Planners’ Picks — August 24, 2021

Planners’ Picks

A collection of resources from CSN planning committee members worth mentioning

This week covers mental health, team development, and hybrid work resources, along with self-leadership development.


||| Resources on Mental Health |||

How to Take a Guilt-Free Mental Health Day & Make the Most of It

It seems that we all can agree that if you’re not feeling well, you should stay home from work. If your nose is running, you have a fever or severe cough, calling in sick for work is a no-brainer. But why do we only allow ourselves time off for those types of “sick” and not others?

Mental health is just as important as physical health, and according to the National Alliance on Mental Illness, one in five adults experience mental illness each year. Untreated mental illness can lead to worsening symptoms, risk of cardiovascular disease and even brain damage. So, it’s not only vital to take control of your mental health in the form of a day off, but it’s important to allow yourself the chance to catch your breath, says Leah Masonick, Life Purpose and Career Coach.

“Life moves pretty fast. If you don’t stop and look around once in a while, you could miss it.” – Ferris Bueller

Are you Experiencing Compassion Fatigue?

As supervisors continue to help those on their team challenged by the impact of COVID-19 on their work, they should watch for signs of their own distress or burnout. Originally tagged to psychologists and other mental health professionals, the issue of compassion fatigue is now spreading to the business sectors of the world due to recent stresses of the pandemic. This is especially true for leaders and managers of others; We are commonly painting a bright picture for those in our care, while keeping our own feelings inside and not addressing them.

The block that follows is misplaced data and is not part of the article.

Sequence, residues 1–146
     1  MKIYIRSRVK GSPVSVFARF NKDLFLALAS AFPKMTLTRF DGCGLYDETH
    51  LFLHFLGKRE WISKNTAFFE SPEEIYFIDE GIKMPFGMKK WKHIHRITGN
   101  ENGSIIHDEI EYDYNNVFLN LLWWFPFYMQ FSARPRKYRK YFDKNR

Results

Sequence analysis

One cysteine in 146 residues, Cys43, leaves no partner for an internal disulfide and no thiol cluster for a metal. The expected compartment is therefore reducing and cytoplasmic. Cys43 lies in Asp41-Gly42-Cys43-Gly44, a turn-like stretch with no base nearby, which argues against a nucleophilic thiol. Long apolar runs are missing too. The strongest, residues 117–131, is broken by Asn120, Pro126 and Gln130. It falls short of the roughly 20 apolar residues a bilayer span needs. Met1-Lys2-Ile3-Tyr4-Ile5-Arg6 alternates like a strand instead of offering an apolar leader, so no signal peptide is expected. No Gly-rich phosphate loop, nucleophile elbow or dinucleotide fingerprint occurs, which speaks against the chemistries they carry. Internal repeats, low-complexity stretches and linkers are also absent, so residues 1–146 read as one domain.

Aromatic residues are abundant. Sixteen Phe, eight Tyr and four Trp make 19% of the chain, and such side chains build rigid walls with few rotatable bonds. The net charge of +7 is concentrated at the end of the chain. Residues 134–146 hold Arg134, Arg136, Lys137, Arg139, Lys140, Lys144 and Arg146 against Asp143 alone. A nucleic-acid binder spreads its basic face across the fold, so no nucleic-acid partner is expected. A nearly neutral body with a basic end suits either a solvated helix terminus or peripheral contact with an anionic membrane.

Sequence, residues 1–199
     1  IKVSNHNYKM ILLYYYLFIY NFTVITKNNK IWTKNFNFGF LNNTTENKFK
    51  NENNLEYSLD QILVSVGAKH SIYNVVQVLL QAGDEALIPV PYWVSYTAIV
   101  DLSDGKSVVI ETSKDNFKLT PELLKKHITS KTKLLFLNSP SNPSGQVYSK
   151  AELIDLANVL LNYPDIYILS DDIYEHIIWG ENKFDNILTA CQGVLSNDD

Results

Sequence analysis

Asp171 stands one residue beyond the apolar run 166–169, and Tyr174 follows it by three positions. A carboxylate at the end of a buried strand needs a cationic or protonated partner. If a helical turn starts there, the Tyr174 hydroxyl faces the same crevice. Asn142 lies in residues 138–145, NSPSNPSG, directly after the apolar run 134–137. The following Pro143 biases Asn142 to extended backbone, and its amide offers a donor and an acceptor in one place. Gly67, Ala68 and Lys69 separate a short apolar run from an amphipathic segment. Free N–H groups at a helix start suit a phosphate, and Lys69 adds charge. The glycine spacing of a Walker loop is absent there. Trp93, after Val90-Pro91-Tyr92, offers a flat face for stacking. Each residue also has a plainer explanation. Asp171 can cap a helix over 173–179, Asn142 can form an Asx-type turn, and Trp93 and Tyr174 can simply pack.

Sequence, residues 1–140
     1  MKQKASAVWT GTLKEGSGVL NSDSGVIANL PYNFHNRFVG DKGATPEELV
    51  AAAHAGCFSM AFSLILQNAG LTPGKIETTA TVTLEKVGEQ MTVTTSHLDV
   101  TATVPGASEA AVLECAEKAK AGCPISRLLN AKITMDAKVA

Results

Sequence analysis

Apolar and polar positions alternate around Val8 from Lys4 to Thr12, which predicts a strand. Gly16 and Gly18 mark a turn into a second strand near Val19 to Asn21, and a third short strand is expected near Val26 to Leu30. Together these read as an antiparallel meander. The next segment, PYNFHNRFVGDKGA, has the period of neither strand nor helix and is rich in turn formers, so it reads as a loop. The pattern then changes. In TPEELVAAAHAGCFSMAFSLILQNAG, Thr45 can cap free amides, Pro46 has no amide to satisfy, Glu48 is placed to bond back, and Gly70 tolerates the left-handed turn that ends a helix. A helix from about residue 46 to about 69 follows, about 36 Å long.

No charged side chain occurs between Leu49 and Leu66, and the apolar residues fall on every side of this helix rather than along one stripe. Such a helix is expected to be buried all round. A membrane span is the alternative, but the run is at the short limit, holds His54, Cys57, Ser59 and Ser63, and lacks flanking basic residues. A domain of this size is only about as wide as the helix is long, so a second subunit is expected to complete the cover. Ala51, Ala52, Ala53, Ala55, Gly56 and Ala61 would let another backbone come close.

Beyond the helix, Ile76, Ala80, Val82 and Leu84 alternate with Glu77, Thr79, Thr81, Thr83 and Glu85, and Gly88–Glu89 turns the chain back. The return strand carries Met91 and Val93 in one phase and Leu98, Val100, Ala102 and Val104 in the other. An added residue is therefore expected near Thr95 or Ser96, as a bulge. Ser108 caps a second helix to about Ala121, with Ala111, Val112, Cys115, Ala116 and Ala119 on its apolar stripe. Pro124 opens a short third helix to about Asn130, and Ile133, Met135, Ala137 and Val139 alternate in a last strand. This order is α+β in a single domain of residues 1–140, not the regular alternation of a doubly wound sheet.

15 Writing Prompts to Calm Your Mind

Between the stresses of work and the busyness of everyday life, finding calm can be difficult. But writing—particularly expressive writing, which is personal and emotional—can help, acting as a way to clear your mind and process experiences. The key is having a framework to structure your thoughts that still allows you the freedom of creativity. That’s where writing prompts come in.

Here are fifteen writing prompts that promote relaxation and calm, as well as explanations on why they work.


||| Resources on Work Culture & Team Development |||

Pleasure in the job puts perfection in the work

It is important to feel happy and content in everyday life with whatever path one has chosen. So, selecting a job or career must only make us proud! Make a call based on choosing a career and also what makes one satisfied and worth all the hard work and sacrifice. However, to understand if a job or a career is the right fit, it mainly depends on one’s stage of life.

We are always reminded of how important it is to have a stable income to run our lives. Nonetheless, somewhere between choosing the right course to study and searching for the right job, makes one overlook their ‘inner calling’. Most people settle for a job and ignore their passion.

“Kindness is a language that the deaf can hear and the blind can see.” – Mark Twain

3 Ways to Create a Work Culture that Brings Out the Best in People

Do you remember that day in November 2018 when 20,000 employees walked out of Google to protest over the handling of sexual harassment claims at the company? The protest was dramatic, headline-grabbing and done as a clear signal that employees would no longer check their identities and values at the workplace door. It was also the exception rather than the rule. While certainly brave, Google employees felt safe enough to organize without fear of reprisals. Even if they did lose their jobs, they’d still be highly employable somewhere else. Not everyone has that luxury, and not everyone feels OK about speaking up at work.